Thursday, January 8, 2009

Cutting Corners on Ingredients

The recent trend toward food quality in restaurants may have to take a back seat to the financial survival of many of the restaurants this year. Restaurants are cutting back not just by serving smaller portions, but by substituting second-rate ingredients.

Of course, they don’t want to be obvious about it, so portion sizes are only perhaps 10 percent smaller, and most of the ingredients are the same. Still, the few ingredients that are changing can make a difference in the quality of a meal. I am seeing cutbacks in areas such as sauces, vegetables, and oil. At restaurants that last year were making a point of cooking in healthier oils, often canola oil, I have recently seen food cooked in a blend of oil that consisted mostly of the cheapest oil they could get. At restaurants that used to take pride in such things, I have recently been served sauces and salad dressing that were, to be kind, basically grease. And the bits of vegetables that used to dress up most of the entrees have all but disappeared from the menus of some popular restaurant chains.

It has always been the case that you stood a better chance of getting a meal you could live with if you bought the ingredients at a store and cooked them yourself, and that may be more true this year. And you save money and time by cooking at home. You might think you save time by having a restaurant cook for you, but restaurant meals can easily take two hours, yet if you make the same kind of food yourself, making it the way you want to make it, you can usually put it together in less than an hour. To make a profit for the restaurant, after all, an entree has to be something that takes less than five minutes of attention from the chef.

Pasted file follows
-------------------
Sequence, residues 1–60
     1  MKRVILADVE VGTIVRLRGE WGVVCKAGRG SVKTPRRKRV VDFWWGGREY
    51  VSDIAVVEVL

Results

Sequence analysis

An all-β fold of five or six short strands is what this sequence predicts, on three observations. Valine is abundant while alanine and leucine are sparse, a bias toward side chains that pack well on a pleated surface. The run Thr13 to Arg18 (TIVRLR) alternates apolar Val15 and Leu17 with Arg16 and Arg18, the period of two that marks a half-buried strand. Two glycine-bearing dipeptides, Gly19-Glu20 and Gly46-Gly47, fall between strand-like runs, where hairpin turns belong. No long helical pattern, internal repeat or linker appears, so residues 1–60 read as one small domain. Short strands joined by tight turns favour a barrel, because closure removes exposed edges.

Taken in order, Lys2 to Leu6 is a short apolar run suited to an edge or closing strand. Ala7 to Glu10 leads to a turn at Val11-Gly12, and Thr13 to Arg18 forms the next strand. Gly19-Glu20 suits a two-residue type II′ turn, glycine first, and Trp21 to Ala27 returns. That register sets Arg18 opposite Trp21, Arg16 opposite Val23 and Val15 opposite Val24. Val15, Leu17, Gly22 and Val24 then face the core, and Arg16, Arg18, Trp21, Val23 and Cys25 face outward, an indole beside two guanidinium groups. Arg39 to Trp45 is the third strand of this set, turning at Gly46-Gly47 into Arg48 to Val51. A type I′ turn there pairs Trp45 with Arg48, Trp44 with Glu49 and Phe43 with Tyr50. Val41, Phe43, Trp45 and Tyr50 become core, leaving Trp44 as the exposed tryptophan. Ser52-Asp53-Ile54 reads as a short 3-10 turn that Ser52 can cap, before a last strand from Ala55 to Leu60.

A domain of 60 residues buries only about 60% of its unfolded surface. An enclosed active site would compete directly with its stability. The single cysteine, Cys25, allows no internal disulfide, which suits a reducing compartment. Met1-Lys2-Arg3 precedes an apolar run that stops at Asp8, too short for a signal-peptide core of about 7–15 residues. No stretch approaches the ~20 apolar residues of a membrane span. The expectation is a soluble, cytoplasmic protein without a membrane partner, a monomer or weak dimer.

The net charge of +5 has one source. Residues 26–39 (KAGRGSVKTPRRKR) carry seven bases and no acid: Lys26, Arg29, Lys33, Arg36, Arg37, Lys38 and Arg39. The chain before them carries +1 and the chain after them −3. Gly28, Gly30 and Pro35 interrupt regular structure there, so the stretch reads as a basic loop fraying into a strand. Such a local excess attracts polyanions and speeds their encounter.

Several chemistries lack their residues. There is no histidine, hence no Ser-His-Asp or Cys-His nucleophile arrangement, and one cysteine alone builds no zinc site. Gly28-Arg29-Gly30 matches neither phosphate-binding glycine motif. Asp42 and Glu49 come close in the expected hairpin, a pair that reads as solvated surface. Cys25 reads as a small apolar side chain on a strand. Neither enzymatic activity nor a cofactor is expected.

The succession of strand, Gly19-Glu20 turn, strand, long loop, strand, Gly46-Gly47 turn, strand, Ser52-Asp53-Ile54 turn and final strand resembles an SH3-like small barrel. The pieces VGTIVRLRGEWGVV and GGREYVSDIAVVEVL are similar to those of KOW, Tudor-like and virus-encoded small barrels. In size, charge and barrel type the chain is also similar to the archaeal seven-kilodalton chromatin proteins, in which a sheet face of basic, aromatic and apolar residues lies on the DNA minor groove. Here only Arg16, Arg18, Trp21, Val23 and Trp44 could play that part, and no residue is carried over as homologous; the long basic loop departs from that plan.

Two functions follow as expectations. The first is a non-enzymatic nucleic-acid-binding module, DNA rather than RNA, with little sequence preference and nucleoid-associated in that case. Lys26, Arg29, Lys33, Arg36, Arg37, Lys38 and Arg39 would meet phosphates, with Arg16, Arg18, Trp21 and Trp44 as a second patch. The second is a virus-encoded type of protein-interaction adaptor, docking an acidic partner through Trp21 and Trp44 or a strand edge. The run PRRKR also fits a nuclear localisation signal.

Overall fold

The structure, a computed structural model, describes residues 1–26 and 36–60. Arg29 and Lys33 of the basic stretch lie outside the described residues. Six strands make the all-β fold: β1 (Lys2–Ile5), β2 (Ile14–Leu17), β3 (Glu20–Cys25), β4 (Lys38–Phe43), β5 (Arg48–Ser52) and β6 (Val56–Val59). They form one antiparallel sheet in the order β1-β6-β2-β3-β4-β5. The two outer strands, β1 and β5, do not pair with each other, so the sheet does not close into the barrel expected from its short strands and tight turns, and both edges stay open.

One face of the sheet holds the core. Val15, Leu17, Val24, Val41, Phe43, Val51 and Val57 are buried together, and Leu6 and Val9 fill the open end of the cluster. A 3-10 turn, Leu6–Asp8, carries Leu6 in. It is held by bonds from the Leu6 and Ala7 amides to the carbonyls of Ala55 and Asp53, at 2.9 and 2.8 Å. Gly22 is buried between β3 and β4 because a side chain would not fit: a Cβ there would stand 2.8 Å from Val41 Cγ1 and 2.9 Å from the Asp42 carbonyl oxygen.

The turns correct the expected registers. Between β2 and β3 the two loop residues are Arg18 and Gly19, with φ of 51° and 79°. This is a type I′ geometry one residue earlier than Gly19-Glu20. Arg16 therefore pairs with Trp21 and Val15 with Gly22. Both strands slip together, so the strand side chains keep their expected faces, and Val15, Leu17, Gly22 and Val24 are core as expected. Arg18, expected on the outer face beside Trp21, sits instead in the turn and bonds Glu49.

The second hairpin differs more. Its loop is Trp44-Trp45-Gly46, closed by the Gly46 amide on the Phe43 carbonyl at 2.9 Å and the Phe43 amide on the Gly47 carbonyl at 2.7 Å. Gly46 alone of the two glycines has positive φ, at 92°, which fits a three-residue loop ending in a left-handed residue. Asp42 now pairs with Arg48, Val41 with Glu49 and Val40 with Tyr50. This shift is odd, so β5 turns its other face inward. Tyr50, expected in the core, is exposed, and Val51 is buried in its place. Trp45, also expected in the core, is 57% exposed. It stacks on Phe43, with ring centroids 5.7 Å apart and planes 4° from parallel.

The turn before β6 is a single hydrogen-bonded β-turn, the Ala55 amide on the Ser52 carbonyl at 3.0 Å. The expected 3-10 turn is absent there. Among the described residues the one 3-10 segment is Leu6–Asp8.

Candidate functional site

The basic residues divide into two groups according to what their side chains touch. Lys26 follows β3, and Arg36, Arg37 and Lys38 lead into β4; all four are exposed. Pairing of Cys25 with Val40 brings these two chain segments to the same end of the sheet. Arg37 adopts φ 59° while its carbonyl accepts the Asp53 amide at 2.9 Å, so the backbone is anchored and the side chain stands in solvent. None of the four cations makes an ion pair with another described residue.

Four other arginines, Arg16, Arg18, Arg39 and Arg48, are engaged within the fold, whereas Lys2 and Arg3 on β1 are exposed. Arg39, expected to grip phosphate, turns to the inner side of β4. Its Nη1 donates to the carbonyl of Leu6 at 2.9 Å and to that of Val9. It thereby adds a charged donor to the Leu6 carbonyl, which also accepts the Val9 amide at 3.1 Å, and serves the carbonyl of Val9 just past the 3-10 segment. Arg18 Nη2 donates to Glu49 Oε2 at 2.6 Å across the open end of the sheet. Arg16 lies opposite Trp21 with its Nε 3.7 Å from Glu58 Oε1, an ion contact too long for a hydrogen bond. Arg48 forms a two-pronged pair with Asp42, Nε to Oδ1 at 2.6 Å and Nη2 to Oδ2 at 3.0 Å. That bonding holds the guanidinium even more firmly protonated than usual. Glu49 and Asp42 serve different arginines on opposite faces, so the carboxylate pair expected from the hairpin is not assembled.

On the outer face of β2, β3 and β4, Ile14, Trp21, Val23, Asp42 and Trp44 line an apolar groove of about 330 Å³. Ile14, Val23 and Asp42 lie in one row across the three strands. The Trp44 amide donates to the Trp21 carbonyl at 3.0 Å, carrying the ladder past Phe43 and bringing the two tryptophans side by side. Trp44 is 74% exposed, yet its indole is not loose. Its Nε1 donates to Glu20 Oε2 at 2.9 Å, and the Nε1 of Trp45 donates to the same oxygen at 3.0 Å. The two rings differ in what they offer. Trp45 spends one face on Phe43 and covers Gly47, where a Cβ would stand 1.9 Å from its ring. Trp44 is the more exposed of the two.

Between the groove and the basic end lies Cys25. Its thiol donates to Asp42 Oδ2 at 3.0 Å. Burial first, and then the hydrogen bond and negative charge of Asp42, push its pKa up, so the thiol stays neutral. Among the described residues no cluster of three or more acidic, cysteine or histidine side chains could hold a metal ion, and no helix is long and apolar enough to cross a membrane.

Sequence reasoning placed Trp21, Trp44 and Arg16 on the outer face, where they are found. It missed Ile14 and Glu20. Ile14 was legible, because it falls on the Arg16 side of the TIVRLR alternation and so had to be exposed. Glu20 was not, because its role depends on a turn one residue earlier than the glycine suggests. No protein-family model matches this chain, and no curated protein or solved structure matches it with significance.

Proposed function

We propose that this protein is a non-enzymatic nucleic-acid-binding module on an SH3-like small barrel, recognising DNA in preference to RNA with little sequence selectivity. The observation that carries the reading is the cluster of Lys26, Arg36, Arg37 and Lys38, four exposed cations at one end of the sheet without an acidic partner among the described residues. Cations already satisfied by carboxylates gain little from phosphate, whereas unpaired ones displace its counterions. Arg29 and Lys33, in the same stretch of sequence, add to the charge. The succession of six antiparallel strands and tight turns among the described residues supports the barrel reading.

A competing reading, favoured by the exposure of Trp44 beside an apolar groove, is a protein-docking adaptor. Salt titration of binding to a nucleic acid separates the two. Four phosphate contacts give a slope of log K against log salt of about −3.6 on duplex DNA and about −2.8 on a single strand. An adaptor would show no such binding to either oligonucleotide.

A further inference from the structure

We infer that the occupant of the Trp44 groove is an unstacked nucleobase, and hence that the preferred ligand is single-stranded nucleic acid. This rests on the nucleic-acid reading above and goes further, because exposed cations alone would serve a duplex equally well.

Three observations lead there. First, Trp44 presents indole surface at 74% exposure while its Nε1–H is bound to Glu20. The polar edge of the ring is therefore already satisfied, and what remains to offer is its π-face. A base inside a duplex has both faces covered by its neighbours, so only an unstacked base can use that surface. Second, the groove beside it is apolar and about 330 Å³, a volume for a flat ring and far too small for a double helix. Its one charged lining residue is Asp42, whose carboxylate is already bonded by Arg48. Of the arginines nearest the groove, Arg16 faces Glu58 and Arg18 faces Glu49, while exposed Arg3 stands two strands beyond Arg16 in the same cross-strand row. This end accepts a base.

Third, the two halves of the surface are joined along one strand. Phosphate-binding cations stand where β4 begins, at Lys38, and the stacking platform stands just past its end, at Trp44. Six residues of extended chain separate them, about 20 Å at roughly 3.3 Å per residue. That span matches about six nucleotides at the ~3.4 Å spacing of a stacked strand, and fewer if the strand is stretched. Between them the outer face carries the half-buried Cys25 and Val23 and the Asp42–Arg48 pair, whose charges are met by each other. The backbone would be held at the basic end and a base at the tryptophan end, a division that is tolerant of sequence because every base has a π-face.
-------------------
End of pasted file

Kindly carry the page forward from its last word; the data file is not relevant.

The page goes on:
One of the ironies of this comparison, when you start looking at it, is that the same ingredients that restaurants are cutting back on are not so expensive when you buy them yourself. Where the restaurants have to cut corners, you can spend the extra 10 cents for real butter, or the extra 15 cents for premium salad dressing. For the price of a restaurant’s tuna salad sandwich, you may be able to buy a whole tuna, if that’s what you want.

No matter what they try, some restaurants will have to close. Ruby Tuesday’s is in the middle of closing 40 locations this winter, with 30 more to follow as leases expire, and if they have to cut back, other chains are likely to shut down completely. Recessions have always been tough for restaurants, and this one, so far, is no exception.